By Elisabeth Costanzo Stewart
You never know when a perfectly worded Google search will pull up a life-changing opportunity. For Engineering Science A.S. student, Alejandro Chavarria Gonzalez, a quick scan of the over 156,000,000 Google results for “scholarships for Hispanic students,” eventually rippled to him being named one of the top Hispanic engineering students in the nation by the Hispanic Heritage Foundation. In honor of National Hispanic Heritage Month, which runs from September 15th – October 15th, Chavarria Gonzalez, now more than ever, deeply understands his responsibility to share information about his rich cultural heritage and to celebrate the contributions made by Hispanic Americans in every professional and cultural discipline.
Alejandro Chavarria Gonzalez spent the first thirteen years of his life in Jalisco and Chihuahua, Mexico. The summer before seventh grade, Alejandro’s father accepted a transfer position with Universal Instruments that required relocating the Gonzalez family to Broome County. Both of Alejandro’s parents were English teachers, so he had a solid foundation in speaking and understanding English, but his writing and grammar skills needed further development.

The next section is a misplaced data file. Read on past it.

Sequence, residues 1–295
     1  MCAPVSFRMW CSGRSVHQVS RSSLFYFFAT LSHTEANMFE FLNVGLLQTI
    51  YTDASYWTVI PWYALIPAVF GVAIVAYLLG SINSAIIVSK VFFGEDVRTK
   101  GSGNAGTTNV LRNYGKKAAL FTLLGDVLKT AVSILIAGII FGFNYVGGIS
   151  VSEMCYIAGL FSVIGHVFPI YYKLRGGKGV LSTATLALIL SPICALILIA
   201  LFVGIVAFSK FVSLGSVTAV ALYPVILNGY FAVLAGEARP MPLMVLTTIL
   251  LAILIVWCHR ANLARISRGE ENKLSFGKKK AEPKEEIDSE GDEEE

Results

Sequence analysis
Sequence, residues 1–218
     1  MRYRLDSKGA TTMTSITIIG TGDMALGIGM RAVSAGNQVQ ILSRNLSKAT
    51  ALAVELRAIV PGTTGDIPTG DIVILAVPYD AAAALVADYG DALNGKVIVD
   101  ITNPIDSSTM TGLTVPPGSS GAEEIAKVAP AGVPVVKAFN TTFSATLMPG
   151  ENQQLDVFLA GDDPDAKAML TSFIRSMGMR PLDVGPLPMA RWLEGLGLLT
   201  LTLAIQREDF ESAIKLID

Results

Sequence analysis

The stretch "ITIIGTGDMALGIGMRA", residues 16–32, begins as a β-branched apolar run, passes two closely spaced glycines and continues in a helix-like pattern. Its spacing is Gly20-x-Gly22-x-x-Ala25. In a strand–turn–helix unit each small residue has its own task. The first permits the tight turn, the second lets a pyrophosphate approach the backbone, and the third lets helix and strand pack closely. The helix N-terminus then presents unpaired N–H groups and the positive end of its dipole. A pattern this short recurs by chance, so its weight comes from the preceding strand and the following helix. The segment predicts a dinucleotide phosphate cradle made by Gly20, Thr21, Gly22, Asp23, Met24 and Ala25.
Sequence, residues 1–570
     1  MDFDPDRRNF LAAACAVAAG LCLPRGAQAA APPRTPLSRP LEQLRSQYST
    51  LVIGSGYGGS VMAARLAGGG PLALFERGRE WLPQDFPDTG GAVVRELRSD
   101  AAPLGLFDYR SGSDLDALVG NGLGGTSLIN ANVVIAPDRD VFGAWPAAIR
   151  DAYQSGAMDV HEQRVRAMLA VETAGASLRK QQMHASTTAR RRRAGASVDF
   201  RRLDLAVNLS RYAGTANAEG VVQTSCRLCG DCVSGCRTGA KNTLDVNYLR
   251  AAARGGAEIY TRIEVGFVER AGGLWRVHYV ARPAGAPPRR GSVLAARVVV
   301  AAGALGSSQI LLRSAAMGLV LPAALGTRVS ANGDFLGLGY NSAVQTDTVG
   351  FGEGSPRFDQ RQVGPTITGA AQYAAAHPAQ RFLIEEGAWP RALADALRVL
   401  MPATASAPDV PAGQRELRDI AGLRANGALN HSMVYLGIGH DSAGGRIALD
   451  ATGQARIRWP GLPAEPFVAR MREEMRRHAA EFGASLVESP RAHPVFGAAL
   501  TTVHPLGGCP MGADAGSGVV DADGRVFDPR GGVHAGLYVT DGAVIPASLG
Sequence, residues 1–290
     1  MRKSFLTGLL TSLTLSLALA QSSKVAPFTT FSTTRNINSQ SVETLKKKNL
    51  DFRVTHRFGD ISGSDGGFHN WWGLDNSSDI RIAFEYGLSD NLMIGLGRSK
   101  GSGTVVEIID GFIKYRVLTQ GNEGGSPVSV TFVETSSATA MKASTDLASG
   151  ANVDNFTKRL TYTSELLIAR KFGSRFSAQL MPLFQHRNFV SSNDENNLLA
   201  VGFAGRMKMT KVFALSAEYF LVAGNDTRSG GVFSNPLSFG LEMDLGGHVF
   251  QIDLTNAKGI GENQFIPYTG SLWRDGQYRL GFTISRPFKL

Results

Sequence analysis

“I had wonderful teachers at Windsor who really encouraged my success as a student learning English as my second language. I never once considered giving up because of their support,” said Gonzalez.
As a bright, highly motivated student, Gonzalez spent his senior year of high school as a participant in BOCES’ New Visions (Engineering) program, which happened to be housed in a classroom/lab in SUNY Broome’s Applied Technology Building. Every morning, Alejandro came to campus to participate in immersive instruction in the field of engineering. His positive experiences with the New Visions program, coupled with his familiarization with campus, solidified Gonzalez’s decision to study Engineering Science at SUNY Broome.